Pittsburgh, PA has landed its place as one of the most Millennial-friendly, hipster cities in the U.S. While burgeoning food and art scenes have been partially credited to its rise as a top destination for young professionals, much can be attributed to a recent flood of venture capital investment into the region’s technology startups.
In 2016, funding for Pittsburgh-area companies by VC firms jumped 8% to reach $235.1 million, according to a report by Innovation Works and Ernst & Young. Over the same period, venture financing fell a whopping 32% to $52.3 billion in the US at large.
A driving force behind the tech scene in Pittsburgh is Carnegie Mellon University’s School of Computer Science, as its stellar talent has increasingly decided to stay in the city post graduation and fuel the local economy. As the industry landscape continues to transform with the emergence of artificial intelligence, automation, and self-driving cars, Carnegie Mellon has stayed ahead of the trends, making attending university there a “Hogwarts-esque” experience.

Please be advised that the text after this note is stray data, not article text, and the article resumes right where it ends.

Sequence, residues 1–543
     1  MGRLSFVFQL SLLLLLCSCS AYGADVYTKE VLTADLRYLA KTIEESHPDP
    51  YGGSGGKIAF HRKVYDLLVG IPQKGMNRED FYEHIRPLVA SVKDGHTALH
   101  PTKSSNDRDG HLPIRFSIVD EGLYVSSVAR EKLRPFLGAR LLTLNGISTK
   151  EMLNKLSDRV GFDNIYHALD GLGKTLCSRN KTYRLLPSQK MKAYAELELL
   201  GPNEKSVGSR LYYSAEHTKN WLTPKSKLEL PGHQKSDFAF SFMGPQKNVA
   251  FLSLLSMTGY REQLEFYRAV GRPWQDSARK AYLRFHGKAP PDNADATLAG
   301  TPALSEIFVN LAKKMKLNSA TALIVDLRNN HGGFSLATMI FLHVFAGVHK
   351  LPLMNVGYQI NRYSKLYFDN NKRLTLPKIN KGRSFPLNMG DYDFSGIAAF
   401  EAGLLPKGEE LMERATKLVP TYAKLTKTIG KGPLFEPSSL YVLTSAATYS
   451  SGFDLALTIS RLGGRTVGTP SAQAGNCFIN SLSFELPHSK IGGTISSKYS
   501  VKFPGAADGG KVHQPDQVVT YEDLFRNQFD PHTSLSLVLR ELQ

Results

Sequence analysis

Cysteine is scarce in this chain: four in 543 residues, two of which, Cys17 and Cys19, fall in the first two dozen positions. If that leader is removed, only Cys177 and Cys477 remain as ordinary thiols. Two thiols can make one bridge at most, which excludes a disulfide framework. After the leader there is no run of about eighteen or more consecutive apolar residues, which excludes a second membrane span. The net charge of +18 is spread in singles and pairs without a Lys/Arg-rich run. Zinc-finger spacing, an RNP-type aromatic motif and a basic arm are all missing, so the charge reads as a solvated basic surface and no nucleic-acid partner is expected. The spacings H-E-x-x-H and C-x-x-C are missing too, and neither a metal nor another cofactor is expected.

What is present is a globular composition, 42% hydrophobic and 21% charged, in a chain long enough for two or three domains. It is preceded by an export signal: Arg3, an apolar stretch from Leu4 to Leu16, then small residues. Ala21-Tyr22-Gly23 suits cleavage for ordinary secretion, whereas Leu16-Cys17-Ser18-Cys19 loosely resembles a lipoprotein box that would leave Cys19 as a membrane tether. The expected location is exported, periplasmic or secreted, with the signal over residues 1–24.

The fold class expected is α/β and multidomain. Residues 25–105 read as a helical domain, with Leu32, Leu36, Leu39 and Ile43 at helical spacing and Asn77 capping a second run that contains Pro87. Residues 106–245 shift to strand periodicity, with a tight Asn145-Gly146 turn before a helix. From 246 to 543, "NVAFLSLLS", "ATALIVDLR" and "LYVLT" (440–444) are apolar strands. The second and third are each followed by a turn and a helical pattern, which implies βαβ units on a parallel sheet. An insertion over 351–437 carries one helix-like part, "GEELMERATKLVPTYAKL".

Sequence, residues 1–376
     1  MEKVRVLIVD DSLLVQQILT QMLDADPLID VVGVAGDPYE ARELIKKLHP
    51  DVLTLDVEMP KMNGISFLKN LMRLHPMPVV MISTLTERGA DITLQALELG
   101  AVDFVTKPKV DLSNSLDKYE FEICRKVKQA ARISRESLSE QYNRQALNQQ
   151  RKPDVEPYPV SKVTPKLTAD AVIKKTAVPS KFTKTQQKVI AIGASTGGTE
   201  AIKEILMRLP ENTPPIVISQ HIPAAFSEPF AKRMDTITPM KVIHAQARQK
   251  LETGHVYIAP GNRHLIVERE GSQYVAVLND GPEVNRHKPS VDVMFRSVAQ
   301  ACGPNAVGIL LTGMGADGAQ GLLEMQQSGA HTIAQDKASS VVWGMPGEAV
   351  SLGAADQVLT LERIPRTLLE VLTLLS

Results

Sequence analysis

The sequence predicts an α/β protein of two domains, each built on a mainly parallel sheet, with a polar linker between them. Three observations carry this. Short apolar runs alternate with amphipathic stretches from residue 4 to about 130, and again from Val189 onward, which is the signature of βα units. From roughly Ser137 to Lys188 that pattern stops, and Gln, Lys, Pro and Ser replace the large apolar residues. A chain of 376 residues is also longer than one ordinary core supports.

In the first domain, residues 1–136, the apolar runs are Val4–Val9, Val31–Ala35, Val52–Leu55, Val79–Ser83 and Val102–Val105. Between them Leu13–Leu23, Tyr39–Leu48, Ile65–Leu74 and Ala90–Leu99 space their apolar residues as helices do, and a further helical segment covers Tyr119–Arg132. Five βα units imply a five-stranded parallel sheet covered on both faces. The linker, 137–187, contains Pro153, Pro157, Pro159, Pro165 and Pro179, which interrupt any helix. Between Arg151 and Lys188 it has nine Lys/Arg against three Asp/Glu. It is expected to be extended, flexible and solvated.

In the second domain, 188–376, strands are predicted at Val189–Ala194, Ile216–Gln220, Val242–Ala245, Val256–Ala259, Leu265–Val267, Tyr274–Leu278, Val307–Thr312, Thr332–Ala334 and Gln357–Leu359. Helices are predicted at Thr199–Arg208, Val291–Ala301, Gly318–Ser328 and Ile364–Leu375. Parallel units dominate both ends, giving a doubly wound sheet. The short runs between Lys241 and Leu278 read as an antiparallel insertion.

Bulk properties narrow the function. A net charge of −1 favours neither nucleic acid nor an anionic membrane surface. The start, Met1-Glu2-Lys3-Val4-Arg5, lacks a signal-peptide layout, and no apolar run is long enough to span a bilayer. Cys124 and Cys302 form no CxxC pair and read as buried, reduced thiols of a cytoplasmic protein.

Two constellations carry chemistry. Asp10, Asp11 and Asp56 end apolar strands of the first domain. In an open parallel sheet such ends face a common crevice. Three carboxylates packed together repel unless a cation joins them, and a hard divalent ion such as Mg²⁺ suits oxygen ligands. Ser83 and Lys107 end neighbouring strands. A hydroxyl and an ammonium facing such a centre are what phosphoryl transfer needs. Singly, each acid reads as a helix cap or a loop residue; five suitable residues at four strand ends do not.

Tech titans such as Apple, Facebook, Google and Uber have all opened up offices in the city, lured by top students and research professors at the university. In turn, waves of new highly skilled, high-paid workers have transformed Pittsburgh into a younger, safer, international city, attracting even more startups to the region. From 2010 to 2015, the city experience the largest increase in Millennial population by percentage change, with growth at 17.7% surpassing both Seattle and San Francisco, according to research from CBRE Group.
Pittsburgh is home to a growing number of tech startups including language learning app Duolingo, information security company Wombat Security Technology and cloud-based data storage company Avere Systems, who have all been highlighted as potential IPO candidates in 2017. Enterprise SaaS companies such as Cognistx, ForAllSecure, JetPack Workflow, OnlyBoth and PacketViper, have also taken off in the tech hub.